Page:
In 2007, B. Divya dropped out of school in class XI after her father died of a heart attack. Life was not easy for this resident of Kattankulathur, an extended suburb beyond Tambaram, as her father was the sole bread winner.

Now, her life is headed in a new direction with Divya being appointed as a temporary driver of a battery-operated vehicle at Arignar Anna Zoological Park (Vandalur zoo).

The 23-year-old is among the 10 women recruited on a temporary basis to drive the battery-operated vehicles that take visitors around the zoo spread over 602 hectares (1,505 acres).

“My father earned less than Rs. 10,000 when he was alive but we managed with the modest income. His demise was a big blow to my family,” Divya said.

The women report for work by 8 a.m. The 10 battery cars that are charged overnight are assembled near the ticket counter and from 9 a.m., the women drive the zoo visitors around.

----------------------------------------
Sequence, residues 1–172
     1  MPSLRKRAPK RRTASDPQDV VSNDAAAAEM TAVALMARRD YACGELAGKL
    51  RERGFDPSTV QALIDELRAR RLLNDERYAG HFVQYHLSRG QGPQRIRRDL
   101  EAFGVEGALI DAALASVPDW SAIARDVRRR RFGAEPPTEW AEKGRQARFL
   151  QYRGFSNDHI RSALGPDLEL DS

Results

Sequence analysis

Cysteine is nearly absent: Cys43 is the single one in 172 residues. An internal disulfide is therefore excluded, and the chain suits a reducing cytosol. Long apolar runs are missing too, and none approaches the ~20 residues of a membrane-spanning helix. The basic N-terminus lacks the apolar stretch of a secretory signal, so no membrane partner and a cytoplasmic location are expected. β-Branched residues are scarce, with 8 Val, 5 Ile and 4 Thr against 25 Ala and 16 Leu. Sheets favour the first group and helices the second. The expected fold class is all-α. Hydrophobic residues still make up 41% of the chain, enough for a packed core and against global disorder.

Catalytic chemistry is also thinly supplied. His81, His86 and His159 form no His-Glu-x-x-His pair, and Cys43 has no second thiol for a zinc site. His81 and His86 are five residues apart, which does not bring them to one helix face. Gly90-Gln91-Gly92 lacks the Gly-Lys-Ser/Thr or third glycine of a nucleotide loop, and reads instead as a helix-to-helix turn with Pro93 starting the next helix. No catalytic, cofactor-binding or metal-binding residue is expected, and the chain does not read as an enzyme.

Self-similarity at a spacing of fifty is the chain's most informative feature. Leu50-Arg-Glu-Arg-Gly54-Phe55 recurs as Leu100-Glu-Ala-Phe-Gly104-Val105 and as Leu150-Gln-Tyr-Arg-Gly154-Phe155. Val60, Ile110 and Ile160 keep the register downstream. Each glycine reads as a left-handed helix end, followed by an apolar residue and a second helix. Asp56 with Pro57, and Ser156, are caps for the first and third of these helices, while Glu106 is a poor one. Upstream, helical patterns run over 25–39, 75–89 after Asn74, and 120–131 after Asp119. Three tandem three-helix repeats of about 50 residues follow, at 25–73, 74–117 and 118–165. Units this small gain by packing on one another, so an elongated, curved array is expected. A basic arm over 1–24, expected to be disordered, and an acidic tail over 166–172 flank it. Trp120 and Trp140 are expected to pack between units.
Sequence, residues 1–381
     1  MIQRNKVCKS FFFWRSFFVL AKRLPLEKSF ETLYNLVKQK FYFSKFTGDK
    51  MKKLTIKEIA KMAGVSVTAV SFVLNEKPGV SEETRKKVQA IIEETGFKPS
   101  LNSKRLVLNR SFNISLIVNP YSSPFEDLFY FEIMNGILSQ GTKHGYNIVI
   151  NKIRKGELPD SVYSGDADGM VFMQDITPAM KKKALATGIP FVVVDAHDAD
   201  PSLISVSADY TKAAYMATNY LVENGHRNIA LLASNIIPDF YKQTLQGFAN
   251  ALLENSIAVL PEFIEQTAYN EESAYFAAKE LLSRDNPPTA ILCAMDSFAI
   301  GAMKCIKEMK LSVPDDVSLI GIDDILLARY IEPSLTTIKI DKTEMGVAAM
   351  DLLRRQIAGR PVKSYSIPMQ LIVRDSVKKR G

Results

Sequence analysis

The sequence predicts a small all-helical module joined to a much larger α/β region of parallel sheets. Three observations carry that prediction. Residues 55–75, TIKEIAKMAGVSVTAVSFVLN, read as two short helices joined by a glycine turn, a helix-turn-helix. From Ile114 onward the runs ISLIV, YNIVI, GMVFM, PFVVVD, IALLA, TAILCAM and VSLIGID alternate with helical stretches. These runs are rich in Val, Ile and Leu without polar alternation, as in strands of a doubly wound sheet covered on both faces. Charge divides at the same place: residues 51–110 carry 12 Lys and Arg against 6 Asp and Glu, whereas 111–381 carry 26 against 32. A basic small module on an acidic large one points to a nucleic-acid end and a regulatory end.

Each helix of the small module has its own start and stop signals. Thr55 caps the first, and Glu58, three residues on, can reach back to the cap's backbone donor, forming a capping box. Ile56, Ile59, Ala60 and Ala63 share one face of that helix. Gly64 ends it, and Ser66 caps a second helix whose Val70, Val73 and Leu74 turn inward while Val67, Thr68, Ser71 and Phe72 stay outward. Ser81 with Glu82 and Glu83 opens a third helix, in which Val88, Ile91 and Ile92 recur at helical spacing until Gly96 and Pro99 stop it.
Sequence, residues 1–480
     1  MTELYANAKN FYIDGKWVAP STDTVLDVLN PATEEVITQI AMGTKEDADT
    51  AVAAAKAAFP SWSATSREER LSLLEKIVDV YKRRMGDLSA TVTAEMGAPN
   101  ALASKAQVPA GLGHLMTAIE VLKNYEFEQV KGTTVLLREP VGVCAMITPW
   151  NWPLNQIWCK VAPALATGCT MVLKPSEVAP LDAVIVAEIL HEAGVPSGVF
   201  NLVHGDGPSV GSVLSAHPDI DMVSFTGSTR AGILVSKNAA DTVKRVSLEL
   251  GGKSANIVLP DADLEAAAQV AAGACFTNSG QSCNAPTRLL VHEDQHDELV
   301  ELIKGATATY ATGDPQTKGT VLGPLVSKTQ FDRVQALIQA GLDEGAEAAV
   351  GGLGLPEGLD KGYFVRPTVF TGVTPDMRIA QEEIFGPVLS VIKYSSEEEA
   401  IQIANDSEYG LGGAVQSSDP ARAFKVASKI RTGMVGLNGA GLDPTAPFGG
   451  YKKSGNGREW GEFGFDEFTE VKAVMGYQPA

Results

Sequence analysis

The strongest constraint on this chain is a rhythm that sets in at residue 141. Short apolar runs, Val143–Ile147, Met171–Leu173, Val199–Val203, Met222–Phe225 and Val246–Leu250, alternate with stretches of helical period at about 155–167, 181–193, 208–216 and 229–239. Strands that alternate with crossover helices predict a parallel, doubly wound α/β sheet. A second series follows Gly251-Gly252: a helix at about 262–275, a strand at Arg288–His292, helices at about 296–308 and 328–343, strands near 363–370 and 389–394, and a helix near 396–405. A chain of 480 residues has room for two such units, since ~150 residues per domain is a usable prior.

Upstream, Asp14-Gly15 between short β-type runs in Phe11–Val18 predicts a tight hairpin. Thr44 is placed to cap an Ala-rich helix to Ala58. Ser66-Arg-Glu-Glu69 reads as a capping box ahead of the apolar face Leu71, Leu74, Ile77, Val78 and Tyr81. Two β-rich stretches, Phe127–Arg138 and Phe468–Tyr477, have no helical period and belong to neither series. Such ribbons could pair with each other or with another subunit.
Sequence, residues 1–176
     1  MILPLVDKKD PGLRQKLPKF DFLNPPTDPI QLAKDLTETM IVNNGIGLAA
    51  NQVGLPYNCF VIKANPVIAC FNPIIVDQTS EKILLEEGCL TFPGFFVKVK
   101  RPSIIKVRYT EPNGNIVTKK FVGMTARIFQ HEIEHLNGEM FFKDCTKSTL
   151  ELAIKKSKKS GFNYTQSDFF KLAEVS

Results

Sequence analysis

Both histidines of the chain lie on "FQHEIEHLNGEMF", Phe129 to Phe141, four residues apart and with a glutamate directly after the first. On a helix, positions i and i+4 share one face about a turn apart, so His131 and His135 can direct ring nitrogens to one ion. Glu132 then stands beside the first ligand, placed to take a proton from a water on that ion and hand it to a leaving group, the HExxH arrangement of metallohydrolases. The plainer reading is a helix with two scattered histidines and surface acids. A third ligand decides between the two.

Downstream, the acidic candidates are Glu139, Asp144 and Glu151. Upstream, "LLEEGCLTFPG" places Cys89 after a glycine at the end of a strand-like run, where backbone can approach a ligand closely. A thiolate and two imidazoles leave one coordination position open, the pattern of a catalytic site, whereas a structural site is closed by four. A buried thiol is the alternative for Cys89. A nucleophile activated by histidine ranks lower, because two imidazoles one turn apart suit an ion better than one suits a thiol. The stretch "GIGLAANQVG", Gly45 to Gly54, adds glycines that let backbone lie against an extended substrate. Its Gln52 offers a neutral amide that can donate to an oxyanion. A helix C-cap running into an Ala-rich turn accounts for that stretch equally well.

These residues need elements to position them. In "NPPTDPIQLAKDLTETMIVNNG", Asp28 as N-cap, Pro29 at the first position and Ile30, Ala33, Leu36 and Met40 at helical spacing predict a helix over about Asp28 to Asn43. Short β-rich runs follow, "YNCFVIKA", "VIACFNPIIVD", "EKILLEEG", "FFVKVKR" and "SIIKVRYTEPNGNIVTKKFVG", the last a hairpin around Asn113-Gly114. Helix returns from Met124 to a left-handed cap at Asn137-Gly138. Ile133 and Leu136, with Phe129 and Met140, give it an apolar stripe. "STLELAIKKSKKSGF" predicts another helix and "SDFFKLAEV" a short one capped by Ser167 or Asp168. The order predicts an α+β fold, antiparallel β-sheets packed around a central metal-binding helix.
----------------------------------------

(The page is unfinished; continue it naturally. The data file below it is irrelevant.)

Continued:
“It is a good initiative. Nowhere else in the country have I seen women employed to operate battery cars,” said Susy David of Madurai, who visited the zoo with her husband, children and grandchildren, and was driven around by one of the women.

Diploma holder Rajalakshmi Munusamy (21) said she enrolled in a driving school and practised hard to secure the job at the zoo. “My father is a dhobi and my mother is a tailor. When I learned of the vacancy at the zoo, I was keen to secure the position,” said the Selaiyur resident.

The women earn a fixed monthly salary of Rs. 5,500 and are familiar with the English and Tamil names of zoo animals.

The families of the young women said if the government were to regularise their positions and employ them on a permanent basis, it would be a boon to the women, all of who belong to low-income groups.

“The job gives us immense satisfaction, though it is temporary,” said another driver, Rajalakshmi Pushparaj, mother of three.

Zoo authorities said the battery-operated vehicles were introduced in 2008. Each vehicle can carry 12 people, including the driver. The regular diesel-powered vehicles and vans used for the lion safari are operated by men.

A one-hour drive around the zoo covers 3.5 kilometres and on an average, the women do 4 to 5 trips a day.

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